exam2sol - Adam S. Bolton April 10, 2002 [email protected] MIT...

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Unformatted text preview: Adam S. Bolton April 10, 2002 [email protected] MIT 8.02 Spring 2002 Exam #2 Solutions Problem 1 (Homework problem 6.6; simplified version) (a) Before the switch is closed, all currents are zero. Immediately after the switch is closed, [3 will still be zero, for the inductor prevents instantaneous changes in [3. That leaves us V 2 R111 + R212, and [1 = [2 because [3 = SO [1 = [2 = + (b) The ohmic resistance of the self—inductor is zero. So if we wait a long time, until the self—inductor is no longer opposing changes in [3, we have a wire with zero resistance in paral— lel with R2. Thus [2 will be zero, and [1 = [3. Applying Ohm’s law, we find [1 = V/R1 (2 [3). Problem 2 One way: The Lorentz force on the left segment is I ()3 to the left (with uniform force per unit length), the force on the right segment is I ()3 to the right, the force on the top segment is I (13 upward, and the force on the bottom segment is I (13 downward. This combination of forces produces no torque on the loop. Another way: The loop’s magnetic moment [1, has direction perpendicular to the plane surface bounded by the loop. B is also perpendicular to that surface. So the torque is 7' = [.LXB = 0. Problem 3 (Homework problem 4.6.) The kinetic energy acquired during acceleration is M122 / 2 = (2e)V, where v is the ion’s final speed. In the B—field region, (Lorentz force) 2 (centripetal force) gives (2e)vB 2 M122 /d. Eliminating v and solving for M gives M = (E3B2d2 / V. Problem 4 (Homework problem 5. 7.) Assuming an abrupt drop to zero, integrating around the dashed path shown gives 39 E - dl 75 0, for there is an E—field between the plates. Since this is a static situation, we have dQB/dt = 0 for the rate of change of magnetic flux through the open surface bounded by our loop, and thus Faraday’s law asserts 39 E - dl = 0. Therefore the E—field cannot drop abruptly to zero outside the capacitor. Problem 5 Tiny elements dl along the AC wire segment are parallel to the unit vector f' directed from the element to point P, giving I dl X f' = 0. So, by the Biot—Savart law, the AC wire segment makes no contribution to the magnetic field at P. MIT 8.02 Spring 2002 7 Exam #2 Solutions 2 For tiny elements dl along the CD wire segment, I dl X f' is purely in the “out—of—the—paper” direction, so the contribution of the CD wire segment to the B—field at P is directed purely out of the paper. By the principle of linear superposition, this contribution will be exactly one—half the field at P due to a complete infinite straight wire which extends beyond C. The familiar application of Ampere’s law for an “infinitely” long wire gives B = MOI/27rd, so our answer is half that value I Bp ML out of the paper. 2 47rd Problem 6 (See the lecture supplement of March 15.) A voltmeter will read a negative value if the (small) current that flows through it enters through the negative terminal, so the current in our circuit must be counterclockwise. (a) Both voltmeters have equal internal resistances and they are wired in series, so both will have the same 0.1 Volt drop across themselves. The induced EMF driving the current must therefore be 8 = 0.2 Volts (counterclockwise). (b) The counterclockwise current enters the positive terminal of the left—hand voltmeter, so it will read Vleft = +0.1 Volts. Problem 7 If 0 is the angle between the resistor wire and the moving bar, the area of the plane surface bounded by the closed circuit is 9 1 2 =_ 2 (7rD)—27F 2D9 . The magnetic flux through this surface is then <I>B = éBD20, and the magnitude of the induced EMF is dQB 1 d0 1 6' = — = —BD2— 2 —BD2 . I I dt 2 dt 2 w The induced current will be I _ fl _ BD2w _ R _ 2R (By Lenz’s law, this current will flow in a counterclockwise sense, so as to counter the chang— ing flux due to the motion of the bar.) END ...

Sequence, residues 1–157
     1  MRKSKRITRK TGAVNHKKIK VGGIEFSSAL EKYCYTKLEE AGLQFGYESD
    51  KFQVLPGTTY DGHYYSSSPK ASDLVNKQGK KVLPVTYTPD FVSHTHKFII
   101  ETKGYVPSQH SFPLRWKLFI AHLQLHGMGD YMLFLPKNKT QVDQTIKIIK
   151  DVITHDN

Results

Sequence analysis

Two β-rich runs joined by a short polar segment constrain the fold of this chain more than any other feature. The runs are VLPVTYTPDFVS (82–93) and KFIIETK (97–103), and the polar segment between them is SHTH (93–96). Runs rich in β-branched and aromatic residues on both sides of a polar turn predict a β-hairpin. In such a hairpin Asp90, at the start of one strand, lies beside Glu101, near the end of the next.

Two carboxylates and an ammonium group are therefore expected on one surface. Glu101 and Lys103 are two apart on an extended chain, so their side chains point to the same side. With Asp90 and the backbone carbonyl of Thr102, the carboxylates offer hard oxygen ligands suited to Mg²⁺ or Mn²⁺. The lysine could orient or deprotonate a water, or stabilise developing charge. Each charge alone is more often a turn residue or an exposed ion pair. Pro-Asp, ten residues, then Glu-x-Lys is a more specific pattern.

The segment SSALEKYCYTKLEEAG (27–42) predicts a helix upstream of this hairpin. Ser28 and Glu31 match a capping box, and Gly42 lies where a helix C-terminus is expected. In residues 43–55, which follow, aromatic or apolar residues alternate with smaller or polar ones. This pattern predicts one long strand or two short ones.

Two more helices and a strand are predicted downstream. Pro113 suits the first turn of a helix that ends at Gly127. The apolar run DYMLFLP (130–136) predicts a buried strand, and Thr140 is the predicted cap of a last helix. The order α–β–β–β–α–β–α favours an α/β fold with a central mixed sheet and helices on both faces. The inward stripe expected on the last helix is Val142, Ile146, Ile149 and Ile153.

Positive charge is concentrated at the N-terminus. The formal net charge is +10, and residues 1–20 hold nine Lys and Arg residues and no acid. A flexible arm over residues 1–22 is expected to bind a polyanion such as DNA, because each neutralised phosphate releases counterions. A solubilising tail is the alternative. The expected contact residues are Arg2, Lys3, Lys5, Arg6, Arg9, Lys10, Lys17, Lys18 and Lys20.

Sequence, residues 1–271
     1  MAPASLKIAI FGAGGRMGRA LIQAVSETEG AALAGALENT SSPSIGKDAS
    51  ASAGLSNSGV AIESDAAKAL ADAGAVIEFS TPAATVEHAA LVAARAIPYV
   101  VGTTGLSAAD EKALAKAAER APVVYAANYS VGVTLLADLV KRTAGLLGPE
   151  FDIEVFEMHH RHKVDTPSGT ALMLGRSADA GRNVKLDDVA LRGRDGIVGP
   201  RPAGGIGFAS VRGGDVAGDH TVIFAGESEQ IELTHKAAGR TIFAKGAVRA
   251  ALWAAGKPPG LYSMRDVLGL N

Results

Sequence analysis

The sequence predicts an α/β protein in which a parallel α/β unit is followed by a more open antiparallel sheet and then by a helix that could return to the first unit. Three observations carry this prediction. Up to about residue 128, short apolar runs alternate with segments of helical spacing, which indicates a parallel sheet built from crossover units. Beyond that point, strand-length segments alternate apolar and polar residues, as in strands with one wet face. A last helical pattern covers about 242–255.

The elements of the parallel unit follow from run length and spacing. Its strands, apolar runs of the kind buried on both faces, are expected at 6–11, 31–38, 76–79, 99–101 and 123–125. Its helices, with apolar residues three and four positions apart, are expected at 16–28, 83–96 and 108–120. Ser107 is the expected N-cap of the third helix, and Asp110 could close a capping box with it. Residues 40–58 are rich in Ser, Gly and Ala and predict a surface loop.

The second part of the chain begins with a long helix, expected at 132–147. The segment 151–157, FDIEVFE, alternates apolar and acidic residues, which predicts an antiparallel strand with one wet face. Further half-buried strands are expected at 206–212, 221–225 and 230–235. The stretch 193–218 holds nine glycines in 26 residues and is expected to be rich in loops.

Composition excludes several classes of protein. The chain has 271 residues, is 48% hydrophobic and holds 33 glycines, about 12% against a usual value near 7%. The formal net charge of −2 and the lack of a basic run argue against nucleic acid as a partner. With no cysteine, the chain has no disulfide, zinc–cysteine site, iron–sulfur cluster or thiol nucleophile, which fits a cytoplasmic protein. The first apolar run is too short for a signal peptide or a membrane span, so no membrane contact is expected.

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exam2sol - Adam S. Bolton April 10, 2002 [email protected] MIT...

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